A joint funding program between First Nations, the Province and the Government of Canada is helping communities divert organic waste from landfills.
The Kwadacha and Heiltsuk Nations will both receive funds from the Organics Infrastructure Program to create and expand their organic processing capacity. Currently, waste from the two remote First Nations communities is transported long distances to reach landfills. The funding will allow them to compost organic waste within their communities, reducing transportation costs and greenhouse gas emissions by keeping organic matter out of landfills. It will also provide local job opportunities and produce Class A compost for gardening and local food production.
“People in communities throughout B.C. play a key role in keeping organic waste out of our landfills, which is essential to reducing the release of greenhouse gases,” said George Heyman, B.C.’s Minister of Environment and Climate Change Strategy. “These latest investments show how significant the rewards can be for the environmental, economic and sustainability of First Nation communities.”
Combined, the Kwadacha Nation and Heiltsuk Nation projects will process almost 500 tonnes of organic waste each year, resulting in a reduction of more than 5,600 tonnes of carbon dioxide (CO2) equivalent emissions by 2034. Organic waste represents 40% of material sent to municipal landfills in B.C. and generates 3.5% of the province’s greenhouse gas emissions.
“By working with Indigenous communities across Canada, such as the Kwadacha and Heiltsuk Nations, we are reducing greenhouse gas emissions, building more resilient communities and creating jobs,” said Steven Guilbeault, federal Minister of Environment and Climate Change. “Investments in waste-management infrastructure, like these two composting projects, are great examples of how local climate actions get us closer to reaching our national emissions reduction goals, while contributing to a healthy, sustainable Canada.”
As much as two-thirds of the eligible project costs will be covered by the provincial and federal governments, with the Nations funding the remaining costs. The Kwadacha Nation will receive nearly $300,000 for its first community compost facility. The Heiltsuk Tribal Council will receive more than $300,000 to upgrade and expand their current compost system, which is at capacity and attracting wildlife.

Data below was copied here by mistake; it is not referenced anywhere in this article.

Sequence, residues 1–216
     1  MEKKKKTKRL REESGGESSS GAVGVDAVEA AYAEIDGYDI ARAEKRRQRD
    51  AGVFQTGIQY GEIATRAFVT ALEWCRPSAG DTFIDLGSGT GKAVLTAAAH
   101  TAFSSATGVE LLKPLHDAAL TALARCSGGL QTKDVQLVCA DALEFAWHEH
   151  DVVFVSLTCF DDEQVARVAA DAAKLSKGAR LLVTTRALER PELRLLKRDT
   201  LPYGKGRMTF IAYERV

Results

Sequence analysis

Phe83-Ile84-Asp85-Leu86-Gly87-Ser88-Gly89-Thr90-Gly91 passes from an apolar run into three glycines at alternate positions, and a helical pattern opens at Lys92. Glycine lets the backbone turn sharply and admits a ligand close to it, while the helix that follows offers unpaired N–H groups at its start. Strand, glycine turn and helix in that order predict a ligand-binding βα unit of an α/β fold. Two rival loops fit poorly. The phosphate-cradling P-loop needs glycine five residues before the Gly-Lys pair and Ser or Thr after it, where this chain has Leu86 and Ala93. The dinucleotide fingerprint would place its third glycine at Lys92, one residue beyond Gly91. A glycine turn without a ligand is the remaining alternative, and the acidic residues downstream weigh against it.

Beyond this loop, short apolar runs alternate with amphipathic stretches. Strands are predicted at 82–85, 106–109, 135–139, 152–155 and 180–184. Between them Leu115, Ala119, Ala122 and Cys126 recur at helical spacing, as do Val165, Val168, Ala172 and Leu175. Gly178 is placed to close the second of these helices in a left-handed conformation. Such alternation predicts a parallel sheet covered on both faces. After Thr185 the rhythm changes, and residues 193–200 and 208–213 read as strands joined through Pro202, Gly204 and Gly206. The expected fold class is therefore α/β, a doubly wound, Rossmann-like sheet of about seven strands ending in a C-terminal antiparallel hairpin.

“The high costs of importing food and removing waste are tough realities for the Heiltsuk Nation and many of the other remote communities within the North Coast constituency,” said Jennifer Rice, MLA for North Coast. “It is a core value of the Heiltsuk Nation to maintain a healthy environment, and this composting project is one of many examples of their vigorous stewardship of their lands and waters.”
The $30-million Organics Infrastructure Program combines as much as $10 million in federal funding from the Low Carbon Economy Leadership Fund, $10 million from the Province and $10 million in matching funds from local government applicants and their partners.
The program supports B.C.’s CleanBC climate plan to divert more organic waste from landfills and create a cleaner, better future for everyone. Since 2020, 14 recipients have received funding to expand their composting ability under the Organics Infrastructure Program. All projects must be completed and operational by March 31, 2024.
Marilyn Slett, Chief Councillor, Heiltsuk Tribal Council –
“Expanding our current community composting system will more than triple the amount of organic matter we process and reduce the amount of solid waste produced by the community. This will move us further toward our goal of being a zero-waste community, benefiting our Nation and the ancestral lands, which sustain us.”
Darryl McCook, Chief, Kwadacha Nation –
"With the nearest landfill 570 kilometres away, this compost facility will be a turning point in the Kwadacha Nation’s ability to reduce waste and achieve the community’s self-sustainability goals. This project will bring the community together as a force of positive environmental change.”
For information about the Organics Infrastructure Program, visit: www2.gov.bc.ca/gov/content/environment/waste-management/food-and-organic-waste/organic-waste-diversion/organics-infrastructure-program
A backgrounder follows.